The list goes on and on. Privacy issues exist with Google Social Search, Google recently modified indexing of Gmail messages to address concerns over transcribed Google Voice e-mail messages showing up in the search engine, Google's Dashboard has raised hairs, and even the embryonic Chrome OS has raised privacy concerns.
While some tech pundits suggest Schmidt's "change your name" comment is eerie, not all concede his point. (People do have a tendency to post incriminating information on social networks.)
"Perhaps it's a good idea, even. But it's probably far more a fantasy scenario to chew on than anything tied to reality. It demonstrates an unusual understanding of privacy, freedom, indiscretion and consequences: as tied to the line between youth and adulthood more than the basic human experience," Marshall Kirkpatrick writes for ReadWriteWeb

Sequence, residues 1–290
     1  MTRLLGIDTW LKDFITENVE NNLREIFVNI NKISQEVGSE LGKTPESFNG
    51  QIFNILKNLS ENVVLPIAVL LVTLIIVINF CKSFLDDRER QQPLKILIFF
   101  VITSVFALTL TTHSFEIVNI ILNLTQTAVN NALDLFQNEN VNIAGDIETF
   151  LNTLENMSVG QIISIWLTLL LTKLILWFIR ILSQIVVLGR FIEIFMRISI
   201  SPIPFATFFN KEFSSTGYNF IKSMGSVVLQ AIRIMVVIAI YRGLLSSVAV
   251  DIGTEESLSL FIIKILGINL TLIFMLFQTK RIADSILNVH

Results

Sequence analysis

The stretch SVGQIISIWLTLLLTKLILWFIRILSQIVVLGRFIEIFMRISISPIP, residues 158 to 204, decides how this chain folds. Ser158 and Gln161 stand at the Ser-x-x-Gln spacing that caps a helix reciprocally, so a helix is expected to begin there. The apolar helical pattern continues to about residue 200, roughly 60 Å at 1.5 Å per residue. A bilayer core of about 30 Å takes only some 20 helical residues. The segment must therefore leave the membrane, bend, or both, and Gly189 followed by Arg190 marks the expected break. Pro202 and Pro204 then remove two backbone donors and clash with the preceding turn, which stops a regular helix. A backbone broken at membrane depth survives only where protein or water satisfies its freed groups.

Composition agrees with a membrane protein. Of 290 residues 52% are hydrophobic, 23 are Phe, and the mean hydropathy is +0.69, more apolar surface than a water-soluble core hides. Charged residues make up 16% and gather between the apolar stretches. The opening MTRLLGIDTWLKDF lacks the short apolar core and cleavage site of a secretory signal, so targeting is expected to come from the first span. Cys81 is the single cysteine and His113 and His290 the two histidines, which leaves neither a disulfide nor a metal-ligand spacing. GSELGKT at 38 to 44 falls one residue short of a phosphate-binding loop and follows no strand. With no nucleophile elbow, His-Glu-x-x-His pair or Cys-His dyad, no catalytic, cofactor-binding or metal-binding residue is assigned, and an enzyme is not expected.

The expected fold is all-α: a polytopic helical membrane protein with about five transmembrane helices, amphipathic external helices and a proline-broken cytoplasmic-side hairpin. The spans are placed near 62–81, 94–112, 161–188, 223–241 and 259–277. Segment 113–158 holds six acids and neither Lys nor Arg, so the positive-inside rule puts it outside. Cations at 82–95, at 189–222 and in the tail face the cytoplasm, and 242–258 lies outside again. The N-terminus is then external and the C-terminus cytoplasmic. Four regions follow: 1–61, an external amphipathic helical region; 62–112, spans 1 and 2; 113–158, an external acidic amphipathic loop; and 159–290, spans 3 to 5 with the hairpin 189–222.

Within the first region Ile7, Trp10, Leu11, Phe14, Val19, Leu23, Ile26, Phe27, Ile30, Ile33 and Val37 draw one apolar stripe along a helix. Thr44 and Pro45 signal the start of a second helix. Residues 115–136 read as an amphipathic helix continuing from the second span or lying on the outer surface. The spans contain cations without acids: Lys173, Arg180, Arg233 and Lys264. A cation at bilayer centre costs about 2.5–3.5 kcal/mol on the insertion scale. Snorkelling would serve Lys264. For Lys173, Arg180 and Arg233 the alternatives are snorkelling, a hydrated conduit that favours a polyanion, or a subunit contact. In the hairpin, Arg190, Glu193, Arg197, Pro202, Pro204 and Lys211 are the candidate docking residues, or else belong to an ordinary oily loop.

TechCrunch's Jason Kincaid also sees the reasonableness of Google's CEO's comments: "Schmidt may be envisioning a centralized system where such critical background information is available to employers without their needing an applicant's full name, which could make a name change worthwhile. Fair enough."
Still, I tend to agree with Computerworld's Preston Gralla's assessment in that Google may have one-upped Orwell. "George Orwell's dystopic imagination in 1984 couldn't ever venture this far. He imagined a government knowing everything about you. Even he didn't see that it might be private industry one should instead be scared of."
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